Radiolympia October 1947.
Arrangements are already well advanced for the first post-war National Radio Exhibition, to be held at Olympia, London, from 1st-11th October. Naturally, at this early stage there are many details of the show to be finally settled, but it is already clear that the organizers, the Radio Industry Council, have brought in some radically new ideas.
In our opinion the Olympia shows of the years immediately before the war contributed much less than they might have done towards the growth of radio. They were essentially planned to 'sell' broadcasting to the public - and that was already 'sold'. Although we welcome co-operation between those who conduct broadcasting and those who make the equipment with which it is received, it seems no function of the industry to act as unpaid publicity agents for the BBC. The shows were devoted almost exclusively to broadcasting, and dealt hardly at all with other branches. Emphasis on severely technical developments was considered as being out of keeping with the spirit of the exhibition, and no great effort to cater for those interested in such things was made. There were as a rule few exhibits of even a mildly educational nature; little, in fact, to encourage members of the public to take an intelligent interest in the technical means by which broadcasting was brought to them and little to help them to obtain the best possible results from their equipment.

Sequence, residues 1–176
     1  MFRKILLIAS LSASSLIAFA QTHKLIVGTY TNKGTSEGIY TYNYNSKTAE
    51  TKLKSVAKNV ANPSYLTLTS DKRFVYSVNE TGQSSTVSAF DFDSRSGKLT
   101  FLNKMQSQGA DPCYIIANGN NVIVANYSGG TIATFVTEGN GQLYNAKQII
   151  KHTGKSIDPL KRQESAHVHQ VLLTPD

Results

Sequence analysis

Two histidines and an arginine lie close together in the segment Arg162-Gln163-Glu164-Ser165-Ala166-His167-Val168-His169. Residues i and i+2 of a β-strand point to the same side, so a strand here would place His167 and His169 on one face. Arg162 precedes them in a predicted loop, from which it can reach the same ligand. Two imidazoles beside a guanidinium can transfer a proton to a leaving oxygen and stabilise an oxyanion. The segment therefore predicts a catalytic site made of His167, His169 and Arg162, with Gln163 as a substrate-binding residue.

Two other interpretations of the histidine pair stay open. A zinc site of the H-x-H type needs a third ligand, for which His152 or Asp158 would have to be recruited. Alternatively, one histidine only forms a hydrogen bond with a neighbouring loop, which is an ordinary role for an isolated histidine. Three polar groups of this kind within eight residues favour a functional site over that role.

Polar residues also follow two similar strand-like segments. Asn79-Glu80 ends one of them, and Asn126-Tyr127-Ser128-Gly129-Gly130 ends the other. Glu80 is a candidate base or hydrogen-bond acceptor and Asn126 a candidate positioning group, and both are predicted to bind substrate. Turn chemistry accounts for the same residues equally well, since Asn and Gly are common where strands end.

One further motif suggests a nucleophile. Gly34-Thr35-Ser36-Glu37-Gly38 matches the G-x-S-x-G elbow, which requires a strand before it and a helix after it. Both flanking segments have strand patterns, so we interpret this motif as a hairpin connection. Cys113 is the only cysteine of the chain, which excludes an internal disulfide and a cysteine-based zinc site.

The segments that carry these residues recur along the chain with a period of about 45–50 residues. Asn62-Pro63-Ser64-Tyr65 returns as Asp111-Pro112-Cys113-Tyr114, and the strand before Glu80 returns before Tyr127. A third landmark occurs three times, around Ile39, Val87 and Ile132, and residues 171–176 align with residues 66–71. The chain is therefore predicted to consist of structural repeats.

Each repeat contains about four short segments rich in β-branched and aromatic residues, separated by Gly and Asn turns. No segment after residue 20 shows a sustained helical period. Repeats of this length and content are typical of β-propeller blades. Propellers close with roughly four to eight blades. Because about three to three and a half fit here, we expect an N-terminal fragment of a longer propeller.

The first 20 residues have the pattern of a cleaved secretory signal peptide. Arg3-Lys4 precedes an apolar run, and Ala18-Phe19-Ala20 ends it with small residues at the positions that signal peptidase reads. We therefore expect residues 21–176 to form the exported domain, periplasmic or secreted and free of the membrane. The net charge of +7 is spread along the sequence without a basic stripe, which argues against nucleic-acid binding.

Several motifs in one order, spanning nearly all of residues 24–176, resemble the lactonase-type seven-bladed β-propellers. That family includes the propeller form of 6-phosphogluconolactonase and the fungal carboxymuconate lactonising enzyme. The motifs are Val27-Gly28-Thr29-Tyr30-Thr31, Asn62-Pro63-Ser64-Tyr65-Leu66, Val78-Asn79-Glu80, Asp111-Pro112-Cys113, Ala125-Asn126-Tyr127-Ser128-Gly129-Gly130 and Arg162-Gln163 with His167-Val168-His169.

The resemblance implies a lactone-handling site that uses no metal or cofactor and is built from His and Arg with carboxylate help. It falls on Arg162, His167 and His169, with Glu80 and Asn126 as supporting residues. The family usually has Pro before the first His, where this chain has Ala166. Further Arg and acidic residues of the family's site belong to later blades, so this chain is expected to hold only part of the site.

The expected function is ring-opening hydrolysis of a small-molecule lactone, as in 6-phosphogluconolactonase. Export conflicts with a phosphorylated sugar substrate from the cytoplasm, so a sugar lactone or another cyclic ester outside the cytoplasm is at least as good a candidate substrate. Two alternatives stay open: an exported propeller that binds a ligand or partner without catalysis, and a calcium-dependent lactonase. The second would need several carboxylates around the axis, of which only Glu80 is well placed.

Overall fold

There are, as we have said, signs that all this is to be changed at the 1947 show. A large number of manufacturers of non-broadcast apparatus - transmitters, electronic equipment, etc. - are expected to be represented, as will Government departments and other non-commercial users of wireless. If, as we understand, the show is to be of a more informative nature than in the 1930s, that is strictly in harmony with changes brought about by the war, when untold thousands of men and women became familiar with wireless. A large number of them attained a high technical standard and of these a good proportion retain their interest in radio. Suitably encouraged, they will exert an important influence on public appreciation of the finer points of broadcast receiver design and performance.
It is to be hoped especially that means will be sought to instruct and inform visitors of the potentialities of modern equipment and how to use it to best advantage. Of course, bearing in mind the diverse nature of the attendance at a public exhibition, it will be all to the good. if the pill of instruction can be coated with the gilt of entertainment, but we think that there is plenty of scope for serious educational exhibits.
As an example of something on which the public needs information, the broadcast receiving aerial comes to mind. This matter was forcibly brought out by a contributor to the correspondence section of our May issue. He contended that ten million-odd listeners have been encouraged for so long to use their sets with no aerial, or with a miserable apology for an aerial, that few of them realise the possibilities of the modern broadcast receiver. Here is an opportunity to devise a convincing exhibit to demonstrate the benefits conferred by a proper aerial system used with a sensitive set.